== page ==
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Studying while caring for a loved one

27 May 2020
Supporting yourself while supporting others
Dona Sirimanne, a fourth year Bachelor of Education/Arts student, shares how you can balance caring for a loved one while making time for your education.

Completing a university degree can be demanding, and for some, their reality involves doing this whilst caring for a sick or disabled family member, partner or friend. Student contributor Dona Sirimanne shares her insights into balancing caring for a loved one while studying.

Reaching out

When you are caring for a loved one while studying, it’s useful to let your faculty know about your situation as they can offer help or direct you to someone who can. Your lecturers and tutors can offer simple extensions on assessments and may be able to organise with you to deliver some content online if it isn’t already available in this way. You may also be able to satisfy attendance requirements through taking on additional written work if you are unable to attend classes in person.

Studying while caring for a sick or disabled loved one can understandably cause stress and anxiety as well as other issues. The University’s Counselling and Psychological Services (CAPS) can help. They offer appointments via phone or Zoom. You can also ask a parent or friend to speak to them for you if that is an option for you. Alternatively, the University has a team of student peer support advisors who can answer questions, offer guidance and friendly help over Zoom. You can register for an appointment online. The university also offers a 24/7 Mental Wellbeing Support Line. You can call 1300 474 065 or text 0488 884 429 (to chat on SMS).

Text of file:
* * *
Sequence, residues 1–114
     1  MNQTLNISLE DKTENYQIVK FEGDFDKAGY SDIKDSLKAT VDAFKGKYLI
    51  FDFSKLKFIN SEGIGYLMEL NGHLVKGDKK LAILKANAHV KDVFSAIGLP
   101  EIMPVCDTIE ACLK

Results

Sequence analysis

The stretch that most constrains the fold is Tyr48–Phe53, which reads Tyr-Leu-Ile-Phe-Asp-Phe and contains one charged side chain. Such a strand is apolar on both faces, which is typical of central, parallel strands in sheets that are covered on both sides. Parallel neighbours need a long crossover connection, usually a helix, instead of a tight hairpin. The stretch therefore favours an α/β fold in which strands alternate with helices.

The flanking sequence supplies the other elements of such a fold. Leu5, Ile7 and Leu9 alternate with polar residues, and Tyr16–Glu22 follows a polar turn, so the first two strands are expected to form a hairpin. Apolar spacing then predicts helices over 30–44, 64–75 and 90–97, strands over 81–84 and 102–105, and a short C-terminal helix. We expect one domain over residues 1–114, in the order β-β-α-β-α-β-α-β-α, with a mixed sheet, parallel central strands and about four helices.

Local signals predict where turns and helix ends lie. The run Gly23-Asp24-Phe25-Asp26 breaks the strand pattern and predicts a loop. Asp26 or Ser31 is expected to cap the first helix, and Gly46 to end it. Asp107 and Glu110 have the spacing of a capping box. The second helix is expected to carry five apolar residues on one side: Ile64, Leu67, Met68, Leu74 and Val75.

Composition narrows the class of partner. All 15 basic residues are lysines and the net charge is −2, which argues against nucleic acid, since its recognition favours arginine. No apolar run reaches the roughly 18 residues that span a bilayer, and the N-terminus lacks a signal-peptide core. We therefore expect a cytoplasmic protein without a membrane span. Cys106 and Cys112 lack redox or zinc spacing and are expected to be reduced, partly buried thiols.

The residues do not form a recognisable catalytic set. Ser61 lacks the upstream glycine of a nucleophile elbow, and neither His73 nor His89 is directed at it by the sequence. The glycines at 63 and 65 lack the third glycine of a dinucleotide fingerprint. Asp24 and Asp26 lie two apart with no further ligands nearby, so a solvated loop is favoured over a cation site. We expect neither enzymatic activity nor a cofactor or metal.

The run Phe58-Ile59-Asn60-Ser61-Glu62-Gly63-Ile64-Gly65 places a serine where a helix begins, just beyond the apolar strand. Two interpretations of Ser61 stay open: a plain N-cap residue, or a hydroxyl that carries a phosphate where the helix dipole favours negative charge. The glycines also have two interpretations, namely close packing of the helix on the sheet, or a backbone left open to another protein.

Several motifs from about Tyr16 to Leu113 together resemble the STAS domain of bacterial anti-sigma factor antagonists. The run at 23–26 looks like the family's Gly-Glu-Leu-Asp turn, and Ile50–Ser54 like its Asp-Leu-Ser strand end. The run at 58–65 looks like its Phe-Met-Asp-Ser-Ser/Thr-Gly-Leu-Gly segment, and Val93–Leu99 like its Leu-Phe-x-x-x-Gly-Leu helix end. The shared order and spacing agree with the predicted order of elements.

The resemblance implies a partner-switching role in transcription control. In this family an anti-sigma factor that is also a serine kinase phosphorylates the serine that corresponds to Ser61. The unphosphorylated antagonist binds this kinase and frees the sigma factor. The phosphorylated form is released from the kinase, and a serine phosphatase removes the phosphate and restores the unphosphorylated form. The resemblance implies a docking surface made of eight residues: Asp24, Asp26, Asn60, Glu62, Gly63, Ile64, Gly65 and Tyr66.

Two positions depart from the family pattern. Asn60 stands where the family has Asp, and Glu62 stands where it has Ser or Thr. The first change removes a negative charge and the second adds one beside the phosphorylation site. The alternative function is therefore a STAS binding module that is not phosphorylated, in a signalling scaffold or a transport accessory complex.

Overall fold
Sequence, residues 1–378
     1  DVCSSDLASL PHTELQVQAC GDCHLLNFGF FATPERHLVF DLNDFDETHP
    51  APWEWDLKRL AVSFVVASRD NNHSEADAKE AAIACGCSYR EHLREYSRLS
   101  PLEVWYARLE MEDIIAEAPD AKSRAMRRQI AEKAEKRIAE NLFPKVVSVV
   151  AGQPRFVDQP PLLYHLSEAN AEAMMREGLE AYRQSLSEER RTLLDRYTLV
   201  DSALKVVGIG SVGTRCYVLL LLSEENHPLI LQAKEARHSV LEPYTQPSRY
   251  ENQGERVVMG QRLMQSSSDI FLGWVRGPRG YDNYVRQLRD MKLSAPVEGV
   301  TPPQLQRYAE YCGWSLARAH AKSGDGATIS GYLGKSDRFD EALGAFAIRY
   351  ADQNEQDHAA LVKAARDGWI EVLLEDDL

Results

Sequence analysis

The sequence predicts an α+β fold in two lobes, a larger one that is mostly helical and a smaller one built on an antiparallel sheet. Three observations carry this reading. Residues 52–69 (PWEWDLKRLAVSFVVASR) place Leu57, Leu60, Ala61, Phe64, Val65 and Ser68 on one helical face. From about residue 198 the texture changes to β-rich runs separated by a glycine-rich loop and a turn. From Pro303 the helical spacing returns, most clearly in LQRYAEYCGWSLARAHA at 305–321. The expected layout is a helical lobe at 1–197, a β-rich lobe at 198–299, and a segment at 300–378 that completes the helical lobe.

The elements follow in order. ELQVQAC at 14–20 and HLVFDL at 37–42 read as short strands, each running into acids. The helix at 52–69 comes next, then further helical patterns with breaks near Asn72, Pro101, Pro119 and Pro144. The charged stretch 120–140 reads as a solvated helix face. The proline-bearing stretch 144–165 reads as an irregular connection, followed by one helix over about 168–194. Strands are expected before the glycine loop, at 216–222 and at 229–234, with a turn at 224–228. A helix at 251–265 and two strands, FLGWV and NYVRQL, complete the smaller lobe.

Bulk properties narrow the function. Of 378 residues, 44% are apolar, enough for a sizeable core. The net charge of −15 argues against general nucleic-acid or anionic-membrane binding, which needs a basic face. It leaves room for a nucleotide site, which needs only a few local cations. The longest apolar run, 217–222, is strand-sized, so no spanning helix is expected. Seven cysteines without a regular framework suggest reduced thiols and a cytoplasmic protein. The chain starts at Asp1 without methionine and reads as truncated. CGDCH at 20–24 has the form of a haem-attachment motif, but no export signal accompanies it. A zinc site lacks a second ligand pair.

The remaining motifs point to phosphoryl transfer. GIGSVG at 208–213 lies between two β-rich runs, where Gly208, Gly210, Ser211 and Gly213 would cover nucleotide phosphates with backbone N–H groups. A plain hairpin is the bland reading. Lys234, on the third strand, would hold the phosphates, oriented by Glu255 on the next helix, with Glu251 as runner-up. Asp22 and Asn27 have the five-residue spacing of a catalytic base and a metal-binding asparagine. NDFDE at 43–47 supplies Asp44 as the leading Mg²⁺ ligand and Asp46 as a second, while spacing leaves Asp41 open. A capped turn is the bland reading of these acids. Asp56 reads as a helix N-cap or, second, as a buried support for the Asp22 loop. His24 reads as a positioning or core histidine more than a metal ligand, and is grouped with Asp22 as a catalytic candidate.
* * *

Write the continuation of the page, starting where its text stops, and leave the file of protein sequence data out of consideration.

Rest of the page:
What to say

You may be wondering how to explain your care responsibilities to others when asking for assistance. It’s important to remember that you don’t have to disclose everything. You don’t have to go into great detail about the person you care for, or their medical condition. You only need to talk about the extra responsibilities you have in caring for someone and how this affects being at university and completing your work.

You can also inquire about special arrangements that might help you. For example, you can ask for extra time to catch up on work from home, such as catch-up lessons, take-home work, or accessing note-taking services. You can also negotiate later deadlines for assignments which may require you to apply for special consideration, as well as any other supports that might be available. Even if you’re not seeking special arrangements, it’s a good idea to let your faculty know about your situation so that they understand if there is an emergency or if your caring affects your study.

Connecting with community

Your time at university can be made easier when you can share your experiences with others who are going through similar realities. Utilising sites such as Facebook can help you to find others within the University who are also carers and can provide you with a community of support. An example is the USYD SRC Disabilities Collective & Caregivers Network. Outside of the University, you can access support via the carer forum available through the Australian Government’s Carer Gateway.

Additionally, the Young Carers Network website has information on studying while you are caring, and you can call them on 1800 242 636 if you’d like to talk.

Studying while caring for a sick or disabled loved one is no easy feat, remember that you are not alone and that you can always seek help and advice.

 

Student contributor
Dona Sirimanne
Bachelor of Education (Secondary)/Bachelor of Arts

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